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Why Projects Fail, Part 13: The Impact of the 12 Reasons on Project Success

Why Projects Fail, Part 13: The Impact of the 12 Reasons on Project Success

Why the business so often considers projects to have failed even when they’ve been delivered on time, on budget and to specification

We conducted extensive, in depth research into 128 manufacturing organizations across Australia and 36 major banks across the world, and then further tested our findings in utilities, service organizations and retailers.

The research identified the 12 most common reasons why projects failed and then we grouped them into five major categories to explain where and how much value was lost from and during the project. (NB Our definition of success is the delivery of the projected business outcomes, benefits and their value.)

Scope and requirements definition could immediately destroy 15 percent or so of a project's potential value. Obviously, where these were wrong they had downstream impacts on the rest of the project delivery process.

An easy way to comprehend these values is to imagine a project with a potential value of $1 million. So, getting the scope and requirements wrong has lopped off $150,000 from the potential value before we get any further.

The business case was, surprisingly, the greatest destroyer of value in that it often did not focus on the business outcomes and missed many of the most valuable benefits. They could leave 25 percent or so of the project's potential value 'on the table'. As a result, we're now down to a maximum realizable value of $600,000 before we've even started design or delivery.

The software did not have a major impact on project success and value provided it was suitable for the task. So, spending years deciding if system 'A' or 'B' would be better is not time well spent. The net impact on the value was around 5 percent (or $50K in our value example).

The project governance team made a measurable impact on the project, good or bad. If they underperformed, they allowed value to be lost during the project (e.g. not releasing the right personnel) and on implementation (e.g. not ensuring the business was ready, willing and able to accept the change). They could destroy a further 10 percent ($100K) of value.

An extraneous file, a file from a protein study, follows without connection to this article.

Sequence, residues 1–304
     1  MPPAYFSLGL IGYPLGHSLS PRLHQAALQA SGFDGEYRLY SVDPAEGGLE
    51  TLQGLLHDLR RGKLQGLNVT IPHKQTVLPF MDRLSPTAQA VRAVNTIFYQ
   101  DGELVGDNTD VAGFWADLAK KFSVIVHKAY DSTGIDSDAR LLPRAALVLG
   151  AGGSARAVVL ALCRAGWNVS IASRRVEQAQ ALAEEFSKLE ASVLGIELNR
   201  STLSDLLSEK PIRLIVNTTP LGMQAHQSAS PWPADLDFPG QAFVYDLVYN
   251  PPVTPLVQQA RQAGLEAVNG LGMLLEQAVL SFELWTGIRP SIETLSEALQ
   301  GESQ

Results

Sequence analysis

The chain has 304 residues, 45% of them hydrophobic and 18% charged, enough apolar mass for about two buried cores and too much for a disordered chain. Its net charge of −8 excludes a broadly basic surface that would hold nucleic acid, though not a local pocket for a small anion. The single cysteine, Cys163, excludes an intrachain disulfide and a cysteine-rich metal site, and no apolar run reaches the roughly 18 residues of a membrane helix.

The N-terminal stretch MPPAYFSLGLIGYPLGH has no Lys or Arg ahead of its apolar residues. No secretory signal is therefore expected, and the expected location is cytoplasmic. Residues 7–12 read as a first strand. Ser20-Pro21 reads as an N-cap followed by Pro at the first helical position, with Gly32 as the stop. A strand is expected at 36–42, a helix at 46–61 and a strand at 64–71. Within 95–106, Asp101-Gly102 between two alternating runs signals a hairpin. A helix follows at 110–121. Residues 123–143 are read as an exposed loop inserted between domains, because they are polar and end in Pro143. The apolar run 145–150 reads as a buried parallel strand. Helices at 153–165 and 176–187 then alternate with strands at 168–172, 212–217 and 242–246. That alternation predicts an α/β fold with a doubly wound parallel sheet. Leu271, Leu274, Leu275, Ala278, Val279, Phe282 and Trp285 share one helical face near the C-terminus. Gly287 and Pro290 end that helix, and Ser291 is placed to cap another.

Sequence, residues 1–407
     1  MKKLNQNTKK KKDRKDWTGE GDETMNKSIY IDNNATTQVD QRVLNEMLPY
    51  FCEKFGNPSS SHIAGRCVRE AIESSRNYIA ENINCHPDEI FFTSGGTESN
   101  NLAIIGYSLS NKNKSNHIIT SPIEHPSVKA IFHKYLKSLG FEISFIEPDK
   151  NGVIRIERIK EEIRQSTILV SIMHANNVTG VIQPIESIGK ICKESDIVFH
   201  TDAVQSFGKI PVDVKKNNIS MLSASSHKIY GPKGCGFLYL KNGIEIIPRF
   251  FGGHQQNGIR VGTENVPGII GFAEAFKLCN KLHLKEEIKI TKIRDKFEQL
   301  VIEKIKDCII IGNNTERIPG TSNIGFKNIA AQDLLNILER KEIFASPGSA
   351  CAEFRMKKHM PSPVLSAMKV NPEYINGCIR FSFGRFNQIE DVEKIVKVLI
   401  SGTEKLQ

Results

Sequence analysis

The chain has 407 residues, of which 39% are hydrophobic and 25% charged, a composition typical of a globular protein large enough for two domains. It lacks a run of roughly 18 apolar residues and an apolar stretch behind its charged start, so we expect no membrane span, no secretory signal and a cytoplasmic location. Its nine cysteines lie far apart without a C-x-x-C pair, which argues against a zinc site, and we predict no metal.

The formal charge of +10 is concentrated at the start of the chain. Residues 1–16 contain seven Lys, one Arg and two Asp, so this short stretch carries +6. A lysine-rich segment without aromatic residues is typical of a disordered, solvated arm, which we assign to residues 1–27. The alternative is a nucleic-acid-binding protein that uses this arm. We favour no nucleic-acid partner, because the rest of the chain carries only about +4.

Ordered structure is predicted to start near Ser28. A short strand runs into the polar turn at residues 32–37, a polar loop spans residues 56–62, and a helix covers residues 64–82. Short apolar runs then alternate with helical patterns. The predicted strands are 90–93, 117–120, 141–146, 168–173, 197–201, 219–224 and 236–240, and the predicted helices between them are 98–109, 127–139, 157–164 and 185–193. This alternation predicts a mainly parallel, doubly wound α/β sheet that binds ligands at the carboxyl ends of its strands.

Poor change management, both at the time of implementation and afterwards to ensure the remaining benefits were delivered and sustained could destroy 15 percent of the project's value.

Note: These losses are often cumulative so, in a worse case, now $750,000 or 75 percent of the project's potential value has been lost, missed or destroyed. And, the worse the requirements definition, governance and change management process execution, for example, the more the projects cost — a double negative value impact.

The implementation of the system tends to involve some 'compulsory' benefits that cannot be avoided. For example, if you've combined three reporting systems into one, then the workload associated with the other two is automatically avoided and results in a saving. Compulsory and associated benefits were found to be around 25 percent of the potential value — good, but rarely enough to cover the project's cost.

The nett effect of this value failure was found to be:

  • most projects lost, missed or destroyed more than 50 percent of their project's potential value (even if they realized most of the business case promised benefits because, as you can see above, by then up to 40 percent of the potential benefits can have already been lost)

  • most projects struggled to break even in cost/benefits over time when you also add in the additional costs of supporting and running the systems and processes, and of making 'enhancements' and other changes to make the originally delivered system work effectively.

Now you can see why the business so often considers projects to have failed even when they've been delivered on time, on budget and to specification! It's not easy being a project manager.

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